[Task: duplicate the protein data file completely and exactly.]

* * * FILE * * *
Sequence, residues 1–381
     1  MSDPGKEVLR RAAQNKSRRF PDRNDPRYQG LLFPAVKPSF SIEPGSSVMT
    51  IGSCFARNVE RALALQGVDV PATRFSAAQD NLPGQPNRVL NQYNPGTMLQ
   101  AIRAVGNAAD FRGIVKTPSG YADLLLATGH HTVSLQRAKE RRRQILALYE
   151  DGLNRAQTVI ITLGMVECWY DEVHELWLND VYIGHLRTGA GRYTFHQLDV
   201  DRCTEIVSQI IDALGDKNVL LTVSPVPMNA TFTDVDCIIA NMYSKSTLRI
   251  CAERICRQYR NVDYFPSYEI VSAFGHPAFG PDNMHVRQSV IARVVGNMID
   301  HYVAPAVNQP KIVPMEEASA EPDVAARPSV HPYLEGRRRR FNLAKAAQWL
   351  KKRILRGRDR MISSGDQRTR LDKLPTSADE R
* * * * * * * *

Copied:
Sequence, residues 1–381
     1  MSDPGKEVLR RAAQNKSRRF PDRNDPRYQG LLFPAVKPSF SIEPGSSVMT
    51  IGSCFARNVE RALALQGVDV PATRFSAAQD NLPGQPNRVL NQYNPGTMLQ
   101  AIRAVGNAAD FRGIVKTPSG YADLLLATGH HTVSLQRAKE RRRQILALYE
   151  DGLNRAQTVI ITLGMVECWY DEVHELWLND VYIGHLRTGA GRYTFHQLDV
   201  DRCTEIVSQI IDALGDKNVL LTVSPVPMNA TFTDVDCIIA NMYSKSTLRI
   251  CAERICRQYR NVDYFPSYEI VSAFGHPAFG PDNMHVRQSV IARVVGNMID
   301  HYVAPAVNQP KIVPMEEASA EPDVAARPSV HPYLEGRRRR FNLAKAAQWL
   351  KKRILRGRDR MISSGDQRTR LDKLPTSADE R